Researchers found that weekly sessions of yoga and deep breathing exercises helped ease symptoms of the common condition. They believe the practice may be an alternative or complementary therapy for tough-to-treat cases of depression.
The intervention seemed helpful for “people who are not on antidepressants and in those who have been on a stable dose of antidepressants [but] have not achieved a resolution of their symptoms”, study lead author Dr Chris Streeter said in a news release from Boston Medical Centre. He is a psychiatrist at the hospital and an associate professor of psychiatry and neurology at Boston University.
Up to 40% of people taking medication for this form of depression won’t see their depression go away, according to the researchers. However, prior studies have shown that the ancient practice of yoga may be of help.
“The mechanism of action is similar to other exercise techniques that activate the release of 'feel good’ brain chemicals,” explained Dr Alan Manevitz, a clinical psychiatrist at Lenox Hill Hospital in New York City, who reviewed the new findings.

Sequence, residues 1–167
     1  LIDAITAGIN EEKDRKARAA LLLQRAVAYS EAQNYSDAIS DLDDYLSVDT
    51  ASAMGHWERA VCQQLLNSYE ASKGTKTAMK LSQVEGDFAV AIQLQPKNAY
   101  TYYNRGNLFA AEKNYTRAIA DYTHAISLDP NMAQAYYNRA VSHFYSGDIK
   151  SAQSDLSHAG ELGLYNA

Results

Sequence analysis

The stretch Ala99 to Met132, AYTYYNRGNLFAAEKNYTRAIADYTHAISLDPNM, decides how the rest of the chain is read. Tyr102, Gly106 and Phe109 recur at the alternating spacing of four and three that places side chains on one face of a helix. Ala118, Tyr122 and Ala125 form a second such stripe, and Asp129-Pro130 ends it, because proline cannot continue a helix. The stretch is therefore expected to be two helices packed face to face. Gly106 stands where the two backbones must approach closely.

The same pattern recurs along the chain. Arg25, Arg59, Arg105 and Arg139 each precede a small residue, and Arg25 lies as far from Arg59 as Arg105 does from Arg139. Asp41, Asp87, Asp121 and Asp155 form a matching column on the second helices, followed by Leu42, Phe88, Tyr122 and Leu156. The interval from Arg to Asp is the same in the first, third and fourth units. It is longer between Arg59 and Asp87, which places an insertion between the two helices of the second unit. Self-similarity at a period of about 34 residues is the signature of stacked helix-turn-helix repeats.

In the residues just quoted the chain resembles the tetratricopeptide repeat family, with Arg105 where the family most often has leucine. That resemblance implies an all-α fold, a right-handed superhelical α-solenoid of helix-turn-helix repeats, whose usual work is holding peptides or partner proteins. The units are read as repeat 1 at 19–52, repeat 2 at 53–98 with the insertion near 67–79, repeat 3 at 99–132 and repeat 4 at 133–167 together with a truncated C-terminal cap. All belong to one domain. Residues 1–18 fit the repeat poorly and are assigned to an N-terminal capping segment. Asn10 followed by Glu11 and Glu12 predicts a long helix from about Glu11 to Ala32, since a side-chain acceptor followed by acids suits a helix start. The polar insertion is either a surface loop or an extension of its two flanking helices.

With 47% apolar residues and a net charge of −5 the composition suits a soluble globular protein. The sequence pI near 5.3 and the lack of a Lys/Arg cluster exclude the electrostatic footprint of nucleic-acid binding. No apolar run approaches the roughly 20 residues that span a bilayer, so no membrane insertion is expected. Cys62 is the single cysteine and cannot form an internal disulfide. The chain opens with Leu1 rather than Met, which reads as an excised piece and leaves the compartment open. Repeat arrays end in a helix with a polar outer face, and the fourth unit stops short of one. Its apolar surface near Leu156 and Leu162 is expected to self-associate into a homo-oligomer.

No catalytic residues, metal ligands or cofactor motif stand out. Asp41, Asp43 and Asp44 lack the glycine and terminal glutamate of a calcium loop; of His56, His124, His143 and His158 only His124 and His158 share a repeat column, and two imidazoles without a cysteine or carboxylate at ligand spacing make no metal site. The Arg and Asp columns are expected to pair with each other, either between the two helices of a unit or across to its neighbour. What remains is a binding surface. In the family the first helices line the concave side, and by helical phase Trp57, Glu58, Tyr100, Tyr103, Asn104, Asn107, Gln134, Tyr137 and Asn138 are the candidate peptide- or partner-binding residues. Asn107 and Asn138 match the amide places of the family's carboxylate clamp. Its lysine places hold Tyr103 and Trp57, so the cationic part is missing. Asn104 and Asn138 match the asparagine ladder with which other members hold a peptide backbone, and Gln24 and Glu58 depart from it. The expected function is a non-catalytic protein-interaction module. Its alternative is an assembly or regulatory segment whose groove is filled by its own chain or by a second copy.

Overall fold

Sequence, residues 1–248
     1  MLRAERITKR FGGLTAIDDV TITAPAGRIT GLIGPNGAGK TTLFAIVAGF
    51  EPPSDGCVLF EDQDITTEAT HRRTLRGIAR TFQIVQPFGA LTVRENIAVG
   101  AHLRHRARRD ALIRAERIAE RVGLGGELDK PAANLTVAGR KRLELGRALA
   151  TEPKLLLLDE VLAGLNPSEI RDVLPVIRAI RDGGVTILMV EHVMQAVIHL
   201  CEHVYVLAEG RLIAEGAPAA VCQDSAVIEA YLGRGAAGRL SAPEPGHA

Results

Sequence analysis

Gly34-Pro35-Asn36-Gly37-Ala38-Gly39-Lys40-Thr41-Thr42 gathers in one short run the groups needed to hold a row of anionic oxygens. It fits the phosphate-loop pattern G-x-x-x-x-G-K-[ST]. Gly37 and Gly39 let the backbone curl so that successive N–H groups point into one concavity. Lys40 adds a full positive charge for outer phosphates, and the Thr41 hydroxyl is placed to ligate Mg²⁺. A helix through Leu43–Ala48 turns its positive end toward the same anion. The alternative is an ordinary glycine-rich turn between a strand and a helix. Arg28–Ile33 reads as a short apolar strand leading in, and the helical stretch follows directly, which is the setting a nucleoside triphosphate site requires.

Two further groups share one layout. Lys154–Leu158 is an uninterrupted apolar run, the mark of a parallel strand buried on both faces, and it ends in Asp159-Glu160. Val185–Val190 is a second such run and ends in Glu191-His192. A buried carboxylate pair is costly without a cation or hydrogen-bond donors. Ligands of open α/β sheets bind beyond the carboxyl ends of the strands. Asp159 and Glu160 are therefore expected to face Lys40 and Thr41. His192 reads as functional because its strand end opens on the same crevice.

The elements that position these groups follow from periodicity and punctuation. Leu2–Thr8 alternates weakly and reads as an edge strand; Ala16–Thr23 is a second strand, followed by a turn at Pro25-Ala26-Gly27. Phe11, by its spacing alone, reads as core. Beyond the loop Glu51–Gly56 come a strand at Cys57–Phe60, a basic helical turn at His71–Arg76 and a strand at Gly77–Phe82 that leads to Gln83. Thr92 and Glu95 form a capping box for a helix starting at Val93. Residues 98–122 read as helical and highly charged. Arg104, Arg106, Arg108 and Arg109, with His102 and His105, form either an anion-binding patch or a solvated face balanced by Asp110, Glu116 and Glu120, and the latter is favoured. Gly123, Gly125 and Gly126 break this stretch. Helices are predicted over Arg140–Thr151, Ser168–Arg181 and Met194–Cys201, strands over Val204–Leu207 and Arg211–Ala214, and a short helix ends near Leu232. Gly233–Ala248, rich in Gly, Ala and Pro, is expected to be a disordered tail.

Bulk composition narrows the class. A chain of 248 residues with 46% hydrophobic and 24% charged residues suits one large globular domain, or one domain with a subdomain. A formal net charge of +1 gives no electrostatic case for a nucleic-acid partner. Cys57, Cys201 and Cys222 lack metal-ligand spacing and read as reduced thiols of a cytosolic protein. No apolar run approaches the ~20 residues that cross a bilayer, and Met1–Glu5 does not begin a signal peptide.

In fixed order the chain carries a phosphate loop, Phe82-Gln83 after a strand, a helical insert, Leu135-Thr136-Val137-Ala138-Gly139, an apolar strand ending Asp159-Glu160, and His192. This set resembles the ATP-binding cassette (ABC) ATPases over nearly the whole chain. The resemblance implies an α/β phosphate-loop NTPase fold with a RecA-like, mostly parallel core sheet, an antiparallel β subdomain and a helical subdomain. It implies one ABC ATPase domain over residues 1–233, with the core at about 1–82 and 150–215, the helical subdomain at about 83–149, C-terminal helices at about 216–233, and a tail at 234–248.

He added that exercise, especially yoga, may also “reduce immune system chemicals that can worsen depression”.
“It has been demonstrated that 'mindful’ movement - conscious awareness - has a much more beneficial impact on the central nervous system,” he said. But would this bear out in a rigorous study? To find out Streeter’s team tracked outcomes for 30 people with major depressive disorder. The participants practised Ilyengar yoga, a method that focuses on detail, precision and alignment in posture and breath control.
Those who took three weekly yoga classes had fewer depressive symptoms than those in the “low-dose” group, but Streeter’s team said even two classes a week was still very effective in improving people’s mood.
Dr. Victor Fornari, a psychiatrist at Zucker Hillside Hospital in Glen Oaks, New York, agreed that the new study “supports the use of yoga for the treatment of depression".
"Yoga, like regular exercise, is good for most people for health maintenance as well as to treat what ails them.”
The study was published in the Journal of Alternative and Complementary Medicine.
THE NEW YORK TIMES